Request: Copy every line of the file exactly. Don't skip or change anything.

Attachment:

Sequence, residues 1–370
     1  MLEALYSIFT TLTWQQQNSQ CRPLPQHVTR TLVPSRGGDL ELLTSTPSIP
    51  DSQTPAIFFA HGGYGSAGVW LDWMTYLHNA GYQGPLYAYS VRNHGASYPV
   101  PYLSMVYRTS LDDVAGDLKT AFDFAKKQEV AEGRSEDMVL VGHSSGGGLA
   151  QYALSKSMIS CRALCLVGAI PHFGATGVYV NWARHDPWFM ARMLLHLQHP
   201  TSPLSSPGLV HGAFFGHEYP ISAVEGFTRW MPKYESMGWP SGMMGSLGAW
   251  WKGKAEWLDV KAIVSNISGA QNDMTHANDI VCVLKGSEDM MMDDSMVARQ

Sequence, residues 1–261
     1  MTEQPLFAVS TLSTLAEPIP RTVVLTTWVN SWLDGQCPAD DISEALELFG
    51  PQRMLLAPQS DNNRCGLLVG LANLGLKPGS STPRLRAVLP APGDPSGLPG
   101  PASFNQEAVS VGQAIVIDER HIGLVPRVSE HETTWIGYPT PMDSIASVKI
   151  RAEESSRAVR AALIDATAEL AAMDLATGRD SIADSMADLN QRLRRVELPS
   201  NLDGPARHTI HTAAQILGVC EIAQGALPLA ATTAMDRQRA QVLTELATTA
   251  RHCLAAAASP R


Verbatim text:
Sequence, residues 1–370
     1  MLEALYSIFT TLTWQQQNSQ CRPLPQHVTR TLVPSRGGDL ELLTSTPSIP
    51  DSQTPAIFFA HGGYGSAGVW LDWMTYLHNA GYQGPLYAYS VRNHGASYPV
   101  PYLSMVYRTS LDDVAGDLKT AFDFAKKQEV AEGRSEDMVL VGHSSGGGLA
   151  QYALSKSMIS CRALCLVGAI PHFGATGVYV NWARHDPWFM ARMLLHLQHP
   201  TSPLSSPGLV HGAFFGHEYP ISAVEGFTRW MPKYESMGWP SGMMGSLGAW
   251  WKGKAEWLDV KAIVSNISGA QNDMTHANDI VCVLKGSEDM MMDDSMVARQ

Sequence, residues 1–261
     1  MTEQPLFAVS TLSTLAEPIP RTVVLTTWVN SWLDGQCPAD DISEALELFG
    51  PQRMLLAPQS DNNRCGLLVG LANLGLKPGS STPRLRAVLP APGDPSGLPG
   101  PASFNQEAVS VGQAIVIDER HIGLVPRVSE HETTWIGYPT PMDSIASVKI
   151  RAEESSRAVR AALIDATAEL AAMDLATGRD SIADSMADLN QRLRRVELPS
   201  NLDGPARHTI HTAAQILGVC EIAQGALPLA ATTAMDRQRA QVLTELATTA
   251  RHCLAAAASP R